[SatNews] After a journey of more than seven billion kilometers that has taken more than ten years, space probe Rosetta is now approaching the finish line: The probe is scheduled to reach its quarry—comet 67P/Churyumov-Gerasimenko—on August 6th.
At that point, the European Space Agency ESA’s 1.3-billion-euro mission will make comet history. Never before has a comet been as elaborately explored—and in such detail—as the Rosetta mission is poised to do. RUAG Space played a vital role in making this project happen. Rosetta is not only the first space probe to enter orbit around a comet, it is also carrying a lander that is to become the first craft to put down on a comet in the history of space travel.
Rosetta took off on board an Ariane rocket on March 2, 2004. The probe spent a portion of its long journey in a form of hibernation, during which the spacecraft conserved energy by powering down all on-board systems as much as possible. Given that Rosetta’s flight path took the probe so far out into space that its solar generators could produce hardly any electricity, this was a necessary move. To prevent Rosetta from freezing, RUAG Space developed a special “sleeping bag” for the orbiter—a form of double insulation that offers effective protection from small meteorites as well as from the cold. Composed of more than 20 layers of metallised plastic film, this protective shield has the same insulating power as a brick wall more than ten metres thick.
On January 20th of this year, Rosetta’s central computer, also built by RUAG Space, woke the probe up out of hibernation. By August 6th, the probe is expected to have almost caught up with the comet and will carry out the last of a total of ten, course-corrective maneuvers. Under the influence of the comet’s gravity, Rosetta will then enter into orbit around the comet. The lander is scheduled to put down on the surface of 67P/Churyumov-Gerasimenko sometime in November.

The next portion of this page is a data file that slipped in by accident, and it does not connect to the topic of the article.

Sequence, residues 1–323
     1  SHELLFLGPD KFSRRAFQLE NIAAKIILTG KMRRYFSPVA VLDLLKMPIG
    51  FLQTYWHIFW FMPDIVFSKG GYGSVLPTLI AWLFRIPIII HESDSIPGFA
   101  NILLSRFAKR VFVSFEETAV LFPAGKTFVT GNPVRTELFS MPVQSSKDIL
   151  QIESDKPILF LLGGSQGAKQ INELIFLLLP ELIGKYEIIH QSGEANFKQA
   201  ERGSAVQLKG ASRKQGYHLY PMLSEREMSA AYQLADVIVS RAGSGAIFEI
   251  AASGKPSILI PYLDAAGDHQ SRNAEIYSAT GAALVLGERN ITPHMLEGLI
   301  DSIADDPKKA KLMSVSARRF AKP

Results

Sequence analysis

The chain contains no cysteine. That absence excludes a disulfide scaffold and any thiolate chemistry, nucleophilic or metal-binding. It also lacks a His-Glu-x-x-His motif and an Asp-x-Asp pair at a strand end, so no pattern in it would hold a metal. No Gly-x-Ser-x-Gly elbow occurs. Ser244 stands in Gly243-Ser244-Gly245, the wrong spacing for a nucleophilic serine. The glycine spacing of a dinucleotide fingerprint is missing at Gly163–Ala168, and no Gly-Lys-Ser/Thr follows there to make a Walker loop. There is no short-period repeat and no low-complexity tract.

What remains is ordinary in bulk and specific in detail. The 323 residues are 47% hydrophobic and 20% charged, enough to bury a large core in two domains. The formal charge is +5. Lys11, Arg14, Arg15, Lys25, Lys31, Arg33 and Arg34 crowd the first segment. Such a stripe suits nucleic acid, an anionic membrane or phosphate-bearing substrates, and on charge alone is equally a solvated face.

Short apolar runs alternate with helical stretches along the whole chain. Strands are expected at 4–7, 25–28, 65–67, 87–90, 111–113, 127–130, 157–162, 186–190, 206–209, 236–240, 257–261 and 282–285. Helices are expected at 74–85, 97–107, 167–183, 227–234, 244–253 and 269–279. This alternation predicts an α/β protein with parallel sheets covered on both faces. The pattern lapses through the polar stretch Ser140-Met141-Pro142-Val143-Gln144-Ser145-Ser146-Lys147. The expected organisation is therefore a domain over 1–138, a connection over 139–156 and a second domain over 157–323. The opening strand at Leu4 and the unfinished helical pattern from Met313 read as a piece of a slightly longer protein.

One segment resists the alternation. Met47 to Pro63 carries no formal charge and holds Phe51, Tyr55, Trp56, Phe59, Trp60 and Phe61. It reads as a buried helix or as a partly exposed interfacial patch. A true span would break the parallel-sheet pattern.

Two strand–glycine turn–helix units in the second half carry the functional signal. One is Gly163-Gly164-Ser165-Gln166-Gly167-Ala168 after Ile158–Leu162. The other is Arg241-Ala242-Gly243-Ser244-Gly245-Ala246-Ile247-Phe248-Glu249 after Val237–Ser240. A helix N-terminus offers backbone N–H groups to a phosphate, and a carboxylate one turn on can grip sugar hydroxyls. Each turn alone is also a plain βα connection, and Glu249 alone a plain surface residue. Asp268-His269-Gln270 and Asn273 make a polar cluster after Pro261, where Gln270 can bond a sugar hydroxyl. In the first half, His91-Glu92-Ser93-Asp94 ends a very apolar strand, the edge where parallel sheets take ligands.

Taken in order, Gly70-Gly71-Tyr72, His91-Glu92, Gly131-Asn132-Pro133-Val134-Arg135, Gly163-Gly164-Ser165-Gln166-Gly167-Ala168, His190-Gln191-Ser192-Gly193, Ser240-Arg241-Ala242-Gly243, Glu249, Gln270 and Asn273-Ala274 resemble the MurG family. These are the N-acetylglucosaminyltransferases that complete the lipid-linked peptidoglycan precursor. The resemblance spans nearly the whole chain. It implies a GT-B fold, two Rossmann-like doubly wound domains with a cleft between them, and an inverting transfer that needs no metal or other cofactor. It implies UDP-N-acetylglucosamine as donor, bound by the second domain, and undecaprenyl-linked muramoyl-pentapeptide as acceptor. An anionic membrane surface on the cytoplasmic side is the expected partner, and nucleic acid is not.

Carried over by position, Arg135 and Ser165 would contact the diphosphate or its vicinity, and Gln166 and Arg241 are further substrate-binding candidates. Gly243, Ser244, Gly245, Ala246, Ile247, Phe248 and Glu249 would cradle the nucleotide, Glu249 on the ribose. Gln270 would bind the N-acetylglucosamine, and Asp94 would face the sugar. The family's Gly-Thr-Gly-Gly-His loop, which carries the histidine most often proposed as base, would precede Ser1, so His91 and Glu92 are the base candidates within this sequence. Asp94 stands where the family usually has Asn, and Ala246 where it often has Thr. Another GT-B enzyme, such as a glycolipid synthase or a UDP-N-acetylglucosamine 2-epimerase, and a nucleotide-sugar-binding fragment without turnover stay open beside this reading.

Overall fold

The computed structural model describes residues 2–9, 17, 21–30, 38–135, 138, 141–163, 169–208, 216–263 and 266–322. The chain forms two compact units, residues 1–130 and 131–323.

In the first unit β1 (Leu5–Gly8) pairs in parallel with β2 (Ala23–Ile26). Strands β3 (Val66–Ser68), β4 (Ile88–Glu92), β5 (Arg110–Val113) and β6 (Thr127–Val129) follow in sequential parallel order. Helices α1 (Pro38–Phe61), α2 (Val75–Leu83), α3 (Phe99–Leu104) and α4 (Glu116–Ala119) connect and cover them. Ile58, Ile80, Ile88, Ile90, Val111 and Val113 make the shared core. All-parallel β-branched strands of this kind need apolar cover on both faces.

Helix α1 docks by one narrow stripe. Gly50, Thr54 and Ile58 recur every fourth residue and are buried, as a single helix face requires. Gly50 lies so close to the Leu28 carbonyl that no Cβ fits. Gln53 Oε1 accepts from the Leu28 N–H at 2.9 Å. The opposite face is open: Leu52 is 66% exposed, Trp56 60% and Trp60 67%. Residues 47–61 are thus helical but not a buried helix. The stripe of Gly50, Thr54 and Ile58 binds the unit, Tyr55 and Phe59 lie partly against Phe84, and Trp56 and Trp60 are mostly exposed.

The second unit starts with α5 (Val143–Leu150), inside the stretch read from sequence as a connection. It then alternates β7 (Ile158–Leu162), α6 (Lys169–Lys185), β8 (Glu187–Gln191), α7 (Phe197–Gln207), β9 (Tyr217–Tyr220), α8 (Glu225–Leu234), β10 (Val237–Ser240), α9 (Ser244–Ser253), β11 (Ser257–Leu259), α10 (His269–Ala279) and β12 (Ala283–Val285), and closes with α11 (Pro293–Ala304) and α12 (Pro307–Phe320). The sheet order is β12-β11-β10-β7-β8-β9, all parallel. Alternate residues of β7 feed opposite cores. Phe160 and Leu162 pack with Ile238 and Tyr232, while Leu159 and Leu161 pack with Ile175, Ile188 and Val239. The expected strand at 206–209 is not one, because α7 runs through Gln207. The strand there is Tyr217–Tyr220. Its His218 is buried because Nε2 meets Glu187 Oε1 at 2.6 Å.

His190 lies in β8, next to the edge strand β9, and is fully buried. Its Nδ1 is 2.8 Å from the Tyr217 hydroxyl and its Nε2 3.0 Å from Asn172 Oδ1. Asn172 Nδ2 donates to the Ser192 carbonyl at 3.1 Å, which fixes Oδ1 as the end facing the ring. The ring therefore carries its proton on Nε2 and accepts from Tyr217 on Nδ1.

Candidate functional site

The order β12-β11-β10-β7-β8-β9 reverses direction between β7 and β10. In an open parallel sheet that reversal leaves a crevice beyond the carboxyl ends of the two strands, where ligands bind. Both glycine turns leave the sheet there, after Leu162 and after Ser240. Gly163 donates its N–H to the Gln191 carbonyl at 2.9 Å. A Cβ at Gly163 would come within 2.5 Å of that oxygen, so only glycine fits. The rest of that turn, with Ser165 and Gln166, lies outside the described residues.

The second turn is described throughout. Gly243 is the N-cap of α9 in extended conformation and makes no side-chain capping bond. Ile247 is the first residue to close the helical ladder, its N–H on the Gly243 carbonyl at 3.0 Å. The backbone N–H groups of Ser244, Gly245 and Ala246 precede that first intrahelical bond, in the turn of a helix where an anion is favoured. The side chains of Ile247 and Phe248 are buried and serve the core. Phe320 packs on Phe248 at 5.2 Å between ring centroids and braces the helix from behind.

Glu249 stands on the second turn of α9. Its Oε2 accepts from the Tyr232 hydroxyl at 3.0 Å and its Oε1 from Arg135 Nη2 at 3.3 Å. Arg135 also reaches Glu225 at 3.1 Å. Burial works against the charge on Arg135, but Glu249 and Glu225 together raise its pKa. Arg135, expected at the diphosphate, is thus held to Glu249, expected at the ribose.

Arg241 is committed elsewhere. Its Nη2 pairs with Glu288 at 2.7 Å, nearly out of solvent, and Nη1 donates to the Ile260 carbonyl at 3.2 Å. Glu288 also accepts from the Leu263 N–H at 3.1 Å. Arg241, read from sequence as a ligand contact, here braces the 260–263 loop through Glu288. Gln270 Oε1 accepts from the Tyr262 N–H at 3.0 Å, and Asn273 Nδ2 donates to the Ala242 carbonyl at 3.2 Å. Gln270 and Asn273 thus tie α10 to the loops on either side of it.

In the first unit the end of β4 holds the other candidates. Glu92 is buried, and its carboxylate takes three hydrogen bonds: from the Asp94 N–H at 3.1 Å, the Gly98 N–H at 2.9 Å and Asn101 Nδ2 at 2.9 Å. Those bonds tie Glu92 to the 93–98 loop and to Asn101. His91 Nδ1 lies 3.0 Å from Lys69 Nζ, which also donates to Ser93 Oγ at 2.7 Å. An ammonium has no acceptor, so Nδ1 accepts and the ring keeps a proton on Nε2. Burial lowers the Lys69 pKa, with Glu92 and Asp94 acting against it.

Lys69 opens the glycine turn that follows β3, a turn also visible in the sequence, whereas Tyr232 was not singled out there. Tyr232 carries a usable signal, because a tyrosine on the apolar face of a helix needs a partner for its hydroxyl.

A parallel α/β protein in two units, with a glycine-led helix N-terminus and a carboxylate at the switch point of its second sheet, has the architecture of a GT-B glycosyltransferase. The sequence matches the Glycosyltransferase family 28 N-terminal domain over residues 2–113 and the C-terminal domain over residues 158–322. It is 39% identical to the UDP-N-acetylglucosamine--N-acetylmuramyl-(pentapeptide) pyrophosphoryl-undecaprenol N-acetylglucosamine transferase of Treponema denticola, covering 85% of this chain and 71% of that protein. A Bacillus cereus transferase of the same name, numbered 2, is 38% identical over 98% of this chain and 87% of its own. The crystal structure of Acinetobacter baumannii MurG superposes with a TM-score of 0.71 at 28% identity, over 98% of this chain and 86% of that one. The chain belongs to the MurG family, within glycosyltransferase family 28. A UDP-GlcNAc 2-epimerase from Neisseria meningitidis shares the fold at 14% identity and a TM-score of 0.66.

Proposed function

The plan is for Rosetta to spend around a year and a half circling and examining the comet, and scientists expect its findings to provide new insights into the birth of our solar system. Comets are cosmic freezers that contain matter preserved in virtually the same state as when the solar system began over 4.6 billion years ago. And in having carried organic matter to our planet, comets may even have contributed to the beginnings of life on Earth.
Rosetta is equipped with 11 scientific instruments. One of them, the Rosina (Rosetta Orbiter Spectrometer for Ion and Neutral Analysis) instrument, features a high-resolution mass spectrometer that was developed and built by RUAG on behalf of the University of Bern and goes by the name of DFMS (Double Focusing Mass Spectrometer). Rosina’s job will be to investigate the composition of the comet’s thin atmosphere and ionosphere. In addition, Rosina is equipped to determine the speed and temperature of the gases escaping from the comet. RUAG Space also developed the control and measuring electronics for another of the instruments, Midas, which will measure minute dust particles in the comet’s tail.
To ensure seamless communication between the Earth and the probe, Rosetta was fitted with a high-performance communications system. RUAG Space manufactured this system’s high-gain antenna complete with cabling as well as the antenna’s pointing and deployment mechanisms.
The RUAG Space infosite is accessible via http://www.ruag.com/